Smoking Cessation – CAN-ADAPTT Guideline 2012

Motivational Tasks Associated with Patient Stages of Change

  1. Precontemplation – Not considering the possibility of change
    • Raise doubt.Help patient understand the benefits of the unhealthy behaviour, while at the same time highlighting the costs
  2. Contemplation – Seriously thinking about change, but not ready to take action. The individual considers change and rejects it
    • Tip the balance in favor of change: Strengthen patient self-efficacy to change by drawing upon past successes
  3. Preparation – Getting ready to change
    • Help the patient identify small, realistic behavioural steps towards change
  4. Action – Actively engaged in a new healthier behaviour
    • Support new behaviours, empathize difficulty of change behaviour
  5. Maintenance – Maintain new behaviour for several months
    • Help the individual use new skills to prevent relapse
  6. Relapse – Return to old pattern of unhealthy behaviour
    • Help the patient avoid discouragement and demoralization

Couselling and psychosocial Approaches

The 5A’s tool – for pt willing to Quit

  • ASK: Tobacco use status updated for all pt on a regular Basis
    • “Have you used any form of tobacco in the past 6mo?”
    • Smoked: cigarettes, cigarillos, cigars, blunts, pipe, shisha, hookah, electronic cigarette
    • Smokeless: chewing tobacco, dipping tobacco, dissolvable tobacco, snus, snuff
    • Identify prev quit attempts and results
  • Advice: Clearly advise pt to quit.
    • make pt aware of withdrawal symptoms:
      1. low mood, insomnia, irritability, anxiety
      2. difficulty concentrating, restlessness
      3. decreased HR, increased appetite
  • Assess: Assess the willingness of pt to begin Tx to achieve abstinence
  • Assist: Offer assistance to every pt who expresses the willingness to begin Tx to quit
    1. Intensive interventions: dose-response relationship between the session length & successful Tx
    2. Provide resources / counselling: self-help, individual, group, helpline, web-based, motivational interviewing
    3. ≥ 4 counselling sessions >10min each with 6-12 months f/u yield better result 
    4. Combination counselling and smoking cessation medication is more effective than either alone.
    5. Provide practical counselling on problem solving skills + provide support as a part of Tx
  • Arrange:
    • Regular f/u to assess response, provide support, and modify Tx
    • Refer pt to relevant resources

Aboriginal People

  • Tobacco misuse status updated on a regular basis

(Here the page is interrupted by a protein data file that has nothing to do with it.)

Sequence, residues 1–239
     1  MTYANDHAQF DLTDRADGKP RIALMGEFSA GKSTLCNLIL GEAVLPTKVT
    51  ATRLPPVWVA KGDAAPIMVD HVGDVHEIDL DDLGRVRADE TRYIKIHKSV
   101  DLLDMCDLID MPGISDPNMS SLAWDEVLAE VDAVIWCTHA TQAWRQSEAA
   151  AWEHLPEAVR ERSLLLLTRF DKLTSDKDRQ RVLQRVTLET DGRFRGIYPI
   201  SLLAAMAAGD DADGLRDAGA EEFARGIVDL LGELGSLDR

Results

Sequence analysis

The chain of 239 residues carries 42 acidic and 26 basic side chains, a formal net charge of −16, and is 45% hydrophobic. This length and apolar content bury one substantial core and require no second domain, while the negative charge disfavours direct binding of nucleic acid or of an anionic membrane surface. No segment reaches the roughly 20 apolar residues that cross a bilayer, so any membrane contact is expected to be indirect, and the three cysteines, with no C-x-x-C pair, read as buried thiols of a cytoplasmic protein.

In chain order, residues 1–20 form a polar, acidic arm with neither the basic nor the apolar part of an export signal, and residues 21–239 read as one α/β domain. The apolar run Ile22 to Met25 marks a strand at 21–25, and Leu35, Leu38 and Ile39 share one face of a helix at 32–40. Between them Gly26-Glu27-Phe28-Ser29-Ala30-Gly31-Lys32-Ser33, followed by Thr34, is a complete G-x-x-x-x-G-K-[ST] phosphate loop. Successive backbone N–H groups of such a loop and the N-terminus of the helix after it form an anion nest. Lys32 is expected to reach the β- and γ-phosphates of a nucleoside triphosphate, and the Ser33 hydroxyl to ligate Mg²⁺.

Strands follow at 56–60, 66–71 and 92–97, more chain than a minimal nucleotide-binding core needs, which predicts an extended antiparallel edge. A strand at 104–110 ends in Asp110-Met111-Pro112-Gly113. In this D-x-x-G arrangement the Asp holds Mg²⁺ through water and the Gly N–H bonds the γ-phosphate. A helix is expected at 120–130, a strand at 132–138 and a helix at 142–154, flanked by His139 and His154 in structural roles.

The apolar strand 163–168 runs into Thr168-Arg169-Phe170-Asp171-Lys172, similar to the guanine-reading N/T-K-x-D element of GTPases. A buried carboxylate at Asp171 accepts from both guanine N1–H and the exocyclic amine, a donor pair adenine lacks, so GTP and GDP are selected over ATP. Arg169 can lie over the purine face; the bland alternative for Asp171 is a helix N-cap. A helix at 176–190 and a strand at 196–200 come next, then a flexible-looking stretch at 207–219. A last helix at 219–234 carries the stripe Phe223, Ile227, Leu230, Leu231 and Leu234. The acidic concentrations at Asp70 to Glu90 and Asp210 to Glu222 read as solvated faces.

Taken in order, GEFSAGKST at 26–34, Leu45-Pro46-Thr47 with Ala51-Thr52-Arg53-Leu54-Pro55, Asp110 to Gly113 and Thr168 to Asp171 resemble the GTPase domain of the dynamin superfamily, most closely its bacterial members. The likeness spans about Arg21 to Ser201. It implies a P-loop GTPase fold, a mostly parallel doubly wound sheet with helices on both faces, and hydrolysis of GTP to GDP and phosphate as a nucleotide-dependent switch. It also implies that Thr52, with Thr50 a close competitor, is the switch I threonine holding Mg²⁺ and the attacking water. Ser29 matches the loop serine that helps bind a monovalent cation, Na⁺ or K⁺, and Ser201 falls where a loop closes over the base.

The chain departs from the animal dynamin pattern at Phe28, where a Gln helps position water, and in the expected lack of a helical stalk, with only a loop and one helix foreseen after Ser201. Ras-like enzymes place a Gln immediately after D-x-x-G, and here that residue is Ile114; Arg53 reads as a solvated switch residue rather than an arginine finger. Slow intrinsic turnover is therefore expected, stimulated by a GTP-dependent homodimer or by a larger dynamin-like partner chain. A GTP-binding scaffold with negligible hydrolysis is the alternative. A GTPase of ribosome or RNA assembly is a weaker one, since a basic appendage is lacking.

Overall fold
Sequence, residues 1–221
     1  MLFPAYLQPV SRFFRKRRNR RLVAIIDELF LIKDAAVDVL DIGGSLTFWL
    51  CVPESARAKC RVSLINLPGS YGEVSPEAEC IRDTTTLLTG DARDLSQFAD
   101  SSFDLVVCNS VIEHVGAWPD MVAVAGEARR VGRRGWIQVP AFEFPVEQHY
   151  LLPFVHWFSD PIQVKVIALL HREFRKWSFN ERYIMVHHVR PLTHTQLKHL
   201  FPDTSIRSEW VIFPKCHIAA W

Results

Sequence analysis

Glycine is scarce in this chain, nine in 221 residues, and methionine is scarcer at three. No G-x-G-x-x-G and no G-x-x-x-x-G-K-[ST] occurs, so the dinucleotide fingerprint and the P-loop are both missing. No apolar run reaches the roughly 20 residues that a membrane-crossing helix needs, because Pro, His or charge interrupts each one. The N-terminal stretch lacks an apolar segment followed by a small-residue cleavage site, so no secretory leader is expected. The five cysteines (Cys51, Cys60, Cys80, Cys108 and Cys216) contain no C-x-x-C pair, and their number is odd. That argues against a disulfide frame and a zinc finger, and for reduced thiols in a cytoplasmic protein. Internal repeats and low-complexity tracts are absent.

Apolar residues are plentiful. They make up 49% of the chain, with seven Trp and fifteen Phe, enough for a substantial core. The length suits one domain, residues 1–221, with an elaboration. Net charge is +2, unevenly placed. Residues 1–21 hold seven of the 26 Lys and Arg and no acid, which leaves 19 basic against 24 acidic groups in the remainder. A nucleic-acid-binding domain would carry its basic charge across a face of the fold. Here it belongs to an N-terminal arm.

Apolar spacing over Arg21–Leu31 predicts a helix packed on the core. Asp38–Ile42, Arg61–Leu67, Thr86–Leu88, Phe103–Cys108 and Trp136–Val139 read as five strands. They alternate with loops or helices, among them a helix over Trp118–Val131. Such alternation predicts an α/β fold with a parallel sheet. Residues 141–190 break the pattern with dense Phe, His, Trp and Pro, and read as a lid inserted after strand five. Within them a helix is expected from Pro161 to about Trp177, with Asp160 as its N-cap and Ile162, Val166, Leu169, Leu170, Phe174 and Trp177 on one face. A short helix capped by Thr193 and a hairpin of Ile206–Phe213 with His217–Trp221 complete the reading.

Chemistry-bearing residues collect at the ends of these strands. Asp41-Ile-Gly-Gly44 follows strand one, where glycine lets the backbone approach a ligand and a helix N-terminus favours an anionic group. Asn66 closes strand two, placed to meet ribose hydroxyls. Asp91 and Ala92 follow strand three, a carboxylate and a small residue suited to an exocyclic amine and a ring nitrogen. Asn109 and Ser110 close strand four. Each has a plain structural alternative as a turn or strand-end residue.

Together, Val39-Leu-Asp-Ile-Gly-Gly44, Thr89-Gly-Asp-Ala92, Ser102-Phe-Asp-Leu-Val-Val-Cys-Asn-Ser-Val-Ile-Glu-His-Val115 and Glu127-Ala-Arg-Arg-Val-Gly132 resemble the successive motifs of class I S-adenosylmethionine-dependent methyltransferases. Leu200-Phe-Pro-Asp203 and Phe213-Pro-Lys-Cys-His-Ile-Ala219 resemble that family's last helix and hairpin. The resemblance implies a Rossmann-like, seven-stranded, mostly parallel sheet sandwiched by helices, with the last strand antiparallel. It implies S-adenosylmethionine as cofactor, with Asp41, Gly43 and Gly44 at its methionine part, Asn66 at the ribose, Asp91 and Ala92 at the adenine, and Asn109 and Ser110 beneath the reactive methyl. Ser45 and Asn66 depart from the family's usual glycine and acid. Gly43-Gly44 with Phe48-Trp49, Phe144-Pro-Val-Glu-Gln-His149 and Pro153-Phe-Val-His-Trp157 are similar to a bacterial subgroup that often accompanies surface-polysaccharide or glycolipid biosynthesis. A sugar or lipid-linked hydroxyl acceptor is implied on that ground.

• Offer assistance to pt who misuse tobacco with specific emphasis on culturally appropriate methods
  • Familiar w/ available cessation support services
  • Seek appropriate training in providing evidence-based smoking cessation support

Hospital-Based population

  • All pt should be made aware of hospital smoke-free policies
  • Elective pt should be directed to resources to assist them to quit prior to admission or surgery
  • All hospital should have systems in place to
    • identify all smoker
    • Rx nicotine withdrawal during hospitalization
    • promote attempts toward long-term cessation
    • Provide pt with f/u support post-hospitalization
  • Pharmacotherapy
    • to assist pt to manage nicotine withdrawal in hospital
    • for use in-hospital & post-hospitalization to promote long term cessation

Mental health +/- other addicitons

  • Screen pt with mental illness / additions for tobacco use
  • Offer counselling & pharmacotherapy Tx to persons who smoke & have a mental illness / addiction to other substances
  • While reducing smoking or quiting, monitor pt’s psychiatric condition(s): mental health status, other addicitons. Medication dosage be monitored and adjusted as necessary

Pregnant and Breastfeeding women

  • Smoking cessation encourage for all pregnant, breastfeeding, postpartum women
  • Counselling is 1st line Tx in pregnancy and breastfeeding
  • If counselling ineffective, intermittent dosing nicotine replacement (lozenges, gum) are preferred over continuous dosing of the patch (↑risk)
  • Partners, friends, family should also be offered smoking cessation interventions.
  • A smoke-free home environment encouraged for pregnant and breastfeeding women to avoid exposure to second-hand smoke


  • Obtain info about tobacco use – cigarettes, cigarillos, waterpipe, etc on a regular basis
  • Couselling that supports abstinence from tobacco / cessation
  • Counsel parents about the potential harmful effects of 2nd-hand smoke on the health of their children


Posted in 85 Smoking Cessation, 99 Priority Topics, FM 99 priority topics, Resp

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